'Fashion Rocks': The (Bleak, Scary) Future Of Music Magazines

Regular magazines are getting more like women's magazines every day. 'Fashion Rocks' is a particularly terrifying example of this.

"People have always loved the coupling of a rock star and a model," begins the cover story of the Conde Nast supplement Fashion Rocks. Um, what people? Homo-sapiens people? Anyway, welcome to Fashion RocksFrocks in the biz! — a magazine about music for people who understand that the only point of music is to drown out all communication in retail outlets so that people stay focused on buying clothes. Since 2004, Fashion Rocks has dared to ask all 47 million or so of its involuntary recipients the question: Is there a point to music that doesn't have to do with, you know, clothes? Answer: Not since the phrase "CD sales" wasn't an oxymoron! After the jump, some highlights from the future of music magazines, which is sort of like reading The New Republic as told to Tiger Beat.
  • SYNERGY: "What a nice, serendipitous piece of brand extension!" marvels editor John Van Meter in an editor's letter titled "Photo Finish." (ah, "Photo Finish" — what a catchy headline! It's almost as good as "The Eyes Have It"). Whatever he's talking about, "Fashion Rocks" will also be a VH1 show hosted, natch, by Jeremy Piven. Also, every single thing featured in this magazine has been featured in another Conde Nast Magazine, generally Teen Vogue or Glamour, in the past two months.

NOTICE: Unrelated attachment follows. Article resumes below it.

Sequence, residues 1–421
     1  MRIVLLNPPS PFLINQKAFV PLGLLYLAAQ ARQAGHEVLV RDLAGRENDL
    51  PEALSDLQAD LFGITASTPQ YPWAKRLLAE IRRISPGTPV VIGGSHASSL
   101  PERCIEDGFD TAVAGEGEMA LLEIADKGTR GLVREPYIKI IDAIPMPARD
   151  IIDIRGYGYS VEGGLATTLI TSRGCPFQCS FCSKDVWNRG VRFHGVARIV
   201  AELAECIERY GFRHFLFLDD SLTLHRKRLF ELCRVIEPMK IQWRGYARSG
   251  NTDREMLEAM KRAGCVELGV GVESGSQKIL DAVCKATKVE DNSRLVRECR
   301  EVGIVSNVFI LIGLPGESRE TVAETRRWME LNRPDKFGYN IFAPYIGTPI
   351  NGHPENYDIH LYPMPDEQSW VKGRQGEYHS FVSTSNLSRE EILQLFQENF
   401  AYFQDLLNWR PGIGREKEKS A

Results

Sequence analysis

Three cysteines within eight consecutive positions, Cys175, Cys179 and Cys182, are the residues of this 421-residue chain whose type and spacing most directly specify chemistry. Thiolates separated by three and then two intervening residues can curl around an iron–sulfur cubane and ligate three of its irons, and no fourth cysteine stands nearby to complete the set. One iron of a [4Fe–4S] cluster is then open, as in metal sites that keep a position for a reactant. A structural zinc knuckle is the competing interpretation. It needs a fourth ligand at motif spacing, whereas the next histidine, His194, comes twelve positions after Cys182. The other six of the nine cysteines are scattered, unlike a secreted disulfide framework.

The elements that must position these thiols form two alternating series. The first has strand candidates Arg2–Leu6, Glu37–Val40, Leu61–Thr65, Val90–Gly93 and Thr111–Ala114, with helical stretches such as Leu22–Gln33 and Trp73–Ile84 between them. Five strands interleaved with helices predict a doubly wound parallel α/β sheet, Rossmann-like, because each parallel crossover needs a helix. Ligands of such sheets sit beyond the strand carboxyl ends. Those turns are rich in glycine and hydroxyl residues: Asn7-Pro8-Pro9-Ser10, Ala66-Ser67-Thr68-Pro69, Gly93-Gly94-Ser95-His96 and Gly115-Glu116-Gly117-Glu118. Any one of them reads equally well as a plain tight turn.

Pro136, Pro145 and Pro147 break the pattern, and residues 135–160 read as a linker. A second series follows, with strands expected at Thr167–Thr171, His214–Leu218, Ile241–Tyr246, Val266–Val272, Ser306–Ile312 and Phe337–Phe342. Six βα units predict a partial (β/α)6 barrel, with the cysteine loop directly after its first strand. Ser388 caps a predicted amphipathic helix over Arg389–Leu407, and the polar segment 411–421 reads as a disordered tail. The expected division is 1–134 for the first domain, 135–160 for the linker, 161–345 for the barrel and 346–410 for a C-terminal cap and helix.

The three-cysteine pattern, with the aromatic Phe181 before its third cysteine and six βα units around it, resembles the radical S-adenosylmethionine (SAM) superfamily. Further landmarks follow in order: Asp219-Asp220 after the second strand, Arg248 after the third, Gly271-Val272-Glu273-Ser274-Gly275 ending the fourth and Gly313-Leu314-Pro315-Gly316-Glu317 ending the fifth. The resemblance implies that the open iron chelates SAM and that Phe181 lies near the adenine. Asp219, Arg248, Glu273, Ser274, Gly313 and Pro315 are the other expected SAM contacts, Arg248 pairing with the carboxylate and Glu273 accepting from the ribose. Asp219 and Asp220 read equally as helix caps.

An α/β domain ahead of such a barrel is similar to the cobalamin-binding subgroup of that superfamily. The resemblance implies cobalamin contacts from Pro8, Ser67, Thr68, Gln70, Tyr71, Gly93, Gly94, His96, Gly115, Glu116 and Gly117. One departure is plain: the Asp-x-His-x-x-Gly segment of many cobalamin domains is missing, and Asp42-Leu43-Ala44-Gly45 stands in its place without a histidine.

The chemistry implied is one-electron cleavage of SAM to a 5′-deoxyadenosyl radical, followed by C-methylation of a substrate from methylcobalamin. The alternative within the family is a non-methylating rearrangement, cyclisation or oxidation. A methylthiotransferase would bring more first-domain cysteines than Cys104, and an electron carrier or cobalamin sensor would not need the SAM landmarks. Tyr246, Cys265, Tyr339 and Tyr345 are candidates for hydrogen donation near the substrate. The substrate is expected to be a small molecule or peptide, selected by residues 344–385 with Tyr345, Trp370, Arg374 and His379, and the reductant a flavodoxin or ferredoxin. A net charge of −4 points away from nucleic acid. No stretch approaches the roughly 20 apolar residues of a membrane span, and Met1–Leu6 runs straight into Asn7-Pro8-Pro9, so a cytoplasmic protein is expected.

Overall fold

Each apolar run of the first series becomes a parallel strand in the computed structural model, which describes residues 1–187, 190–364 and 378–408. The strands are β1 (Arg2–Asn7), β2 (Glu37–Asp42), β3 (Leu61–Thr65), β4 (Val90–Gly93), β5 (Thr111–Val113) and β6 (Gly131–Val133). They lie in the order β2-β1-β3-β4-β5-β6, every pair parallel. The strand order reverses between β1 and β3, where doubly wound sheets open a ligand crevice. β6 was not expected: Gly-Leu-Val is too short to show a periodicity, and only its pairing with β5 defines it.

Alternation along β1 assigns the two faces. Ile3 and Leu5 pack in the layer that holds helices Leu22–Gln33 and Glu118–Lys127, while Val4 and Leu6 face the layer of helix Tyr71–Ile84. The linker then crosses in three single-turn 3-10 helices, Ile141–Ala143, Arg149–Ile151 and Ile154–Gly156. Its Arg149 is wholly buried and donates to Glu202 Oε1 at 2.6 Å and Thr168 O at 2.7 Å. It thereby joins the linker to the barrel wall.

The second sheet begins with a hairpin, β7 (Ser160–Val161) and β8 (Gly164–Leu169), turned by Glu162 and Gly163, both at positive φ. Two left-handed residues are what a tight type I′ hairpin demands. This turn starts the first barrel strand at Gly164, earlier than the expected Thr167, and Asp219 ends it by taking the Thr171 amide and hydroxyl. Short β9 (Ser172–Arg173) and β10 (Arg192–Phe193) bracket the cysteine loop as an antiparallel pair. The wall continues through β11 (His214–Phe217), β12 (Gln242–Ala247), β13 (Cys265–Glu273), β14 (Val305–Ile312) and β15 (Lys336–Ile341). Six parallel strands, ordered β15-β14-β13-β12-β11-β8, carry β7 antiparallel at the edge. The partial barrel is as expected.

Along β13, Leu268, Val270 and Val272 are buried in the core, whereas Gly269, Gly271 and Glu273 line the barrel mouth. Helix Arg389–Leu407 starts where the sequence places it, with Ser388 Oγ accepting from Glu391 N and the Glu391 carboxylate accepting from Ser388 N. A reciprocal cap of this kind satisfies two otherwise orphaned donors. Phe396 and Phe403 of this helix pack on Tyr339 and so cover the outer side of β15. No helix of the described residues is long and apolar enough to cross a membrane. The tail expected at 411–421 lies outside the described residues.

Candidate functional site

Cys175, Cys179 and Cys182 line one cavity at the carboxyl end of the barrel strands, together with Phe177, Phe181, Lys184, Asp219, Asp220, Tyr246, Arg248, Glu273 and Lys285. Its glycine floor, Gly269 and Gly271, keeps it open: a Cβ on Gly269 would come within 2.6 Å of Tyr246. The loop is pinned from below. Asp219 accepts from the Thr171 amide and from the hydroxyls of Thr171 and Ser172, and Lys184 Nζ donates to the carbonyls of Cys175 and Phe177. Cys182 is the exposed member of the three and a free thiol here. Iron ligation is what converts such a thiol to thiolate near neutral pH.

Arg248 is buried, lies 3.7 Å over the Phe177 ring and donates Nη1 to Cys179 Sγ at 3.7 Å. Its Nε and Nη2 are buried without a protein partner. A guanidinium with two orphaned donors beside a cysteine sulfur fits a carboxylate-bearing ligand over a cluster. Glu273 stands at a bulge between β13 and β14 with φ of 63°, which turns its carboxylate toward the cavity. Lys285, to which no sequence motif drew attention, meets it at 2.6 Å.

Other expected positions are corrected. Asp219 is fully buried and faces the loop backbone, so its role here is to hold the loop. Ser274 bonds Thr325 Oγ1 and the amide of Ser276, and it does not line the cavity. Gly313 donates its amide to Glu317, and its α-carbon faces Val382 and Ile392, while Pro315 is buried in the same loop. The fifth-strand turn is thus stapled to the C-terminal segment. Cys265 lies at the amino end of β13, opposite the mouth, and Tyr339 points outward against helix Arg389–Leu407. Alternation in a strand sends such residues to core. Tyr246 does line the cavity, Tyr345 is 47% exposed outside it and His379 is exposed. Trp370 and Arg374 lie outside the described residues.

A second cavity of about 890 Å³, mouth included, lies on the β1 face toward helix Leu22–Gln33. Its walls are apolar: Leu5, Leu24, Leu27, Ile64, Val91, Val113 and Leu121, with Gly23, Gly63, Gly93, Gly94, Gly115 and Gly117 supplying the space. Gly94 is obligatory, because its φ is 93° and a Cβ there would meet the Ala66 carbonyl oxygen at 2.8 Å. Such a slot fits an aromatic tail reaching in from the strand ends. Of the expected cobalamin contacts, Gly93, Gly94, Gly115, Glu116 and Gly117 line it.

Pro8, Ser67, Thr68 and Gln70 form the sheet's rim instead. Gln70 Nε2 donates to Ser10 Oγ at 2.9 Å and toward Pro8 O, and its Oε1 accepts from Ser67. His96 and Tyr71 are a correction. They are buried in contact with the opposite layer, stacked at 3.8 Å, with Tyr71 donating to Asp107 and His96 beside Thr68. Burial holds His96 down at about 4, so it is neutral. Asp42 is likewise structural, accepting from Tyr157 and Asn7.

• MUSIC-THEMED FRAGRANCES: Copyright infringement got ya down? Put out a perfume! "The once merely cozy worlds of celebrity fragrance and pop music have fallen madly in love with one another," the piece declares. (I smell even more synergy!)
  • MISSHAPES: A story about the underexposed DJ trio! Summarizing sentences, not lying when I say they're verbatim: "Oooh, lok at this: all these kids and stars and wannabes, all brought together by the Misshapes, one of the strongest style collectives in ages. What makes it so? They understand fashion as a living thing...as it represents how people live and feel. I love the name! MisShapes! And I love the people behind it.. [Speak for yourself -Ed.]...Spank Rock, a band that mixes techno so deftly with funk....I especially loved the girl, loved her Julie Christie-meets-Nico look. Bangs always work for me...Dreams: That is what nightlife in Manhattan has always been about....It was really something. And you felt like something, too, standing around club 57, in the East Village, which was maybe the best place because it was small, just an ugly basement, really, but brimming once a week with a kind of crazy artistry." New Yorker staffer Hilton Als, everyone!
  • KINGS OF LEON: Summarizing sentences: "It's hard to say what the Kings of Leon love more: beautiful women or superskinny jeans.. The Kings of Leon have been a longtime model favorite with their mellow Southern rock, laid-back attitude, and rocker-cool style."
  • BLOODY SOCIAL: Summarizing sentence: "Based on looks alone, Jamie Burke is a rock star...'They have true rock-n-roll style,' says [model Jaquetta] Wheeler of Burke's band.
  • RAZORLIGHT: Summarizing sentence: [Model Jessica] Stam thinks that music plays an integral part in her work because it 'controls the mood' on shoots."
  • AMY WINEHOUSE: "My hair's just gotten bigger over the past year...I have to have bigger hair.....It's usually really big...Sorry, I'm going to do my hair now." That's all but about ten words of the story.
  • JANIS JOPLIN: There's a photo shoot "inspired" by her style, and modeled by Raquel Zimmerman, a dead ringer for Janis. In that, they both have limbs and hair.
On a final note, readers, just remember that the above is the future... if you don't renew that subscription to Rolling Stone.